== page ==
I feel like Street Fighter 6 is the first entry that explicitly caters to fighting game newbies, without compromising on what its fanbase wants. Experienced fighters still get the competitive game they desire, with its finely tuned roster and ranked online matches. The traditional single-player mode, where you battle a group of opponents in sequence while learning more about your chosen character, is still there. And by God, everything looks swanky, from the player entrances to the ribbons of spray paint color that unfurl when a big hit comes.
I’m also a fan of modern controls – it’s more like Smash Bros, and I even won a few matches once I got the hang of it. That doesn’t flatten the list: technical and simpler characters still feel very different from each other. One of them becomes more dangerous the more he drinks, so you should try to kick him every time you see him go for his flask. Another looks like a Spice Girl in a cropped Union Jack jacket. Blanka, my old red-haired Hulk enemy, is still here, and still cheap.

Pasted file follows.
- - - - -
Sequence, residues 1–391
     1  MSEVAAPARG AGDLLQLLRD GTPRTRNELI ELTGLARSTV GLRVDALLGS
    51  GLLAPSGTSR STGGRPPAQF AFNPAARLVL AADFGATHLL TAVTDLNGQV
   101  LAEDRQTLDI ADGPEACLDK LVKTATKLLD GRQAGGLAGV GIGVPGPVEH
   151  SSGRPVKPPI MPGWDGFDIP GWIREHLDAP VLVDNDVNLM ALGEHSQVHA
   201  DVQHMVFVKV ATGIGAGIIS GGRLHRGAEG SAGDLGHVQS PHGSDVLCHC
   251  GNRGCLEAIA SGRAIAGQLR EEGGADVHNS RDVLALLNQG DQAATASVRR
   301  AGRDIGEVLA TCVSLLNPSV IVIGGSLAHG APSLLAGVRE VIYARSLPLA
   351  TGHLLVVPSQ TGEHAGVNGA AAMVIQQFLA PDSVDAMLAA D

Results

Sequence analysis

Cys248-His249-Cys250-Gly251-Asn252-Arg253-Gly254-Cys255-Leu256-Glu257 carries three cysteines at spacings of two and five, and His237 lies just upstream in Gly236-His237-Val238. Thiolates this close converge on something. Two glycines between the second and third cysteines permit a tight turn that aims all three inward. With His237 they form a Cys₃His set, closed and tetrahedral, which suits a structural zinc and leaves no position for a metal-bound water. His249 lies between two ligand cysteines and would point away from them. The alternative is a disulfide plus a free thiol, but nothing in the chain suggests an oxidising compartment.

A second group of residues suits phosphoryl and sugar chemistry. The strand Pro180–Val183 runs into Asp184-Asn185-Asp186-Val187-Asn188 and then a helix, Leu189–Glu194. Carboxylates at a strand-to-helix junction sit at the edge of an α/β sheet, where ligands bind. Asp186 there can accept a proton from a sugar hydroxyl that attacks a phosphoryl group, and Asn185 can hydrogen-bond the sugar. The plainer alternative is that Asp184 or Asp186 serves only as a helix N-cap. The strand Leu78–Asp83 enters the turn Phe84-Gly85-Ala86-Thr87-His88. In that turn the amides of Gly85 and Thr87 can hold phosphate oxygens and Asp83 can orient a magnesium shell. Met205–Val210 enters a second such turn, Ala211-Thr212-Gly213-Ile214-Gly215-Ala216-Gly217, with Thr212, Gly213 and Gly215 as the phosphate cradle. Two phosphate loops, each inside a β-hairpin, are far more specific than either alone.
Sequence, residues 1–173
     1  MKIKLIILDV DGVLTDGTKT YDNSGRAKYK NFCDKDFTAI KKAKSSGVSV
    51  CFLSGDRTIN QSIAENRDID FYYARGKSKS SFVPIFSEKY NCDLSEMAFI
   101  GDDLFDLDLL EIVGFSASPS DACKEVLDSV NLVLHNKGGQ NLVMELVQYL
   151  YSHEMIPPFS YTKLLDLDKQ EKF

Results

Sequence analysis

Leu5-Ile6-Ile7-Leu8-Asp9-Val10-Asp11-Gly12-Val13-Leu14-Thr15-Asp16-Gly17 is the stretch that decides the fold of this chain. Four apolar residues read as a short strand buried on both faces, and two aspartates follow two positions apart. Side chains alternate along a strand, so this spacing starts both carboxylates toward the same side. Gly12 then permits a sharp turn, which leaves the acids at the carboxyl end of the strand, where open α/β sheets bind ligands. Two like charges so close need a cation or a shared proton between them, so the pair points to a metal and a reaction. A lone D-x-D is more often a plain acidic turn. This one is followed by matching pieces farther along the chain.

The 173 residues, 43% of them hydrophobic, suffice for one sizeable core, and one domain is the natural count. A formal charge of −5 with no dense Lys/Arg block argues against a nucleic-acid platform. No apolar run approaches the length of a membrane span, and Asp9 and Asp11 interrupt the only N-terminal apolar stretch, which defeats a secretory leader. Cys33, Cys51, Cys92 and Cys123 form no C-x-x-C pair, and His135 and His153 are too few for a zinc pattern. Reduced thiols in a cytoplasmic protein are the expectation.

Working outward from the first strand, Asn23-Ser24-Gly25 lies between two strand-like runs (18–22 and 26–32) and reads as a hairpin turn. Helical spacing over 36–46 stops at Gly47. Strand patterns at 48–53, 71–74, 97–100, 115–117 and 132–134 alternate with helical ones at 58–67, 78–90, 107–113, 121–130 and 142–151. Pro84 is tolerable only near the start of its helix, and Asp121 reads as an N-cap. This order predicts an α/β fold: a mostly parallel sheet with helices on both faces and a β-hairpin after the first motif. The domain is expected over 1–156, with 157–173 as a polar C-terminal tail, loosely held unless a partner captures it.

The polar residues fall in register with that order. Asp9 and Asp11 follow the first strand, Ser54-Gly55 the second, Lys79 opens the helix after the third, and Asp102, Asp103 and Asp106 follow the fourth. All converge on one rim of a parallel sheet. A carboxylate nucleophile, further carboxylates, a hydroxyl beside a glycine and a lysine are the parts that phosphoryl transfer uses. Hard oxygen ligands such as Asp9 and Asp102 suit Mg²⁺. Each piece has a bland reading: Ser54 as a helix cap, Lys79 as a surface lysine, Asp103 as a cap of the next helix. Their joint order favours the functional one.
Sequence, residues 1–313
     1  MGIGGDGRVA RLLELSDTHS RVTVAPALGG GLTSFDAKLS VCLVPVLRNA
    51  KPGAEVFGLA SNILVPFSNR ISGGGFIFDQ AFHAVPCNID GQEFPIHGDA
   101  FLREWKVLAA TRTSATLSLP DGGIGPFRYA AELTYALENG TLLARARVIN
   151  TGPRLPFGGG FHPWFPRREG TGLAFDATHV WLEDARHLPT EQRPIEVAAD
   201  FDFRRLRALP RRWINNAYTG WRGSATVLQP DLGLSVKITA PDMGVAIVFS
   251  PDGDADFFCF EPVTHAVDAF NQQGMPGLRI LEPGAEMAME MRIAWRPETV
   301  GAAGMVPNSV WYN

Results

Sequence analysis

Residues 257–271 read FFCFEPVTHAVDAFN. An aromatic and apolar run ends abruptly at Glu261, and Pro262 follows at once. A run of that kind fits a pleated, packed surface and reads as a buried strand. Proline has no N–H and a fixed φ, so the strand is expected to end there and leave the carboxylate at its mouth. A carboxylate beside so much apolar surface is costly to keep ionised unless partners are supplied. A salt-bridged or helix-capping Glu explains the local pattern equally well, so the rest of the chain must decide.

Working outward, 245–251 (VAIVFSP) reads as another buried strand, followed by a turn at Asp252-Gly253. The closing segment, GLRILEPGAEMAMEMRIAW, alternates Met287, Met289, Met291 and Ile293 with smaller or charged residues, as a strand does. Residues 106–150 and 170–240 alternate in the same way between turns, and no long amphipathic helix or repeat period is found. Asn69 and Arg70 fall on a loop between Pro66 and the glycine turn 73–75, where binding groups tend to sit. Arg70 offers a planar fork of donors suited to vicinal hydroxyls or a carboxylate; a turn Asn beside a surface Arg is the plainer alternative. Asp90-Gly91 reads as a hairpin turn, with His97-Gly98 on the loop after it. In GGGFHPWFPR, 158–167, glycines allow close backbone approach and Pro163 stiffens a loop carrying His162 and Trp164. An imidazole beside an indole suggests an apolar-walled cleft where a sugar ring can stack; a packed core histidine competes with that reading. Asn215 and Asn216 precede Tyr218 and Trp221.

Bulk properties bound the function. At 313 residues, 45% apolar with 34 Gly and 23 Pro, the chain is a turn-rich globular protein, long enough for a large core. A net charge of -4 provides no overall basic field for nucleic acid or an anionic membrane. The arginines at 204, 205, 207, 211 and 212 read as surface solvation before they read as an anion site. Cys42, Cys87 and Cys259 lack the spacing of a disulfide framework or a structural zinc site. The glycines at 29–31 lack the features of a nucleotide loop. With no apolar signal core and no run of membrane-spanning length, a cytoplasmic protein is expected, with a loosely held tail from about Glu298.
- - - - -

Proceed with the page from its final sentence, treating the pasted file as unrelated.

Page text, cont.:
This series is a year older than me, and it takes a lot more effort to change in your late thirties. Kudos to the developers at Capcom for trying it out and embracing their inner lavish silliness while doing so.
what to play
All those punches and laughs unexpectedly reminded me of Japan’s most hilarious and melodramatic game series: Yakuza, or as it is now called in the West, Like a Dragon. In these adventure brawlers, you roam recreations of Japanese cities, follow an involved story about gangster rivalries, and beat street thugs and submit with fists, chairs, and, uh, traffic cones in fights that alternate between brutal and burlesque. Combat isn’t as polished as it is in Street Fighter, but expect to be amused and bewildered by the side stories of boring vloggers, panty thieves, shark punches, and slot car racing. Yakuza 0 (pictured above) is the most welcoming entry to start with, and also the funniest of the lot.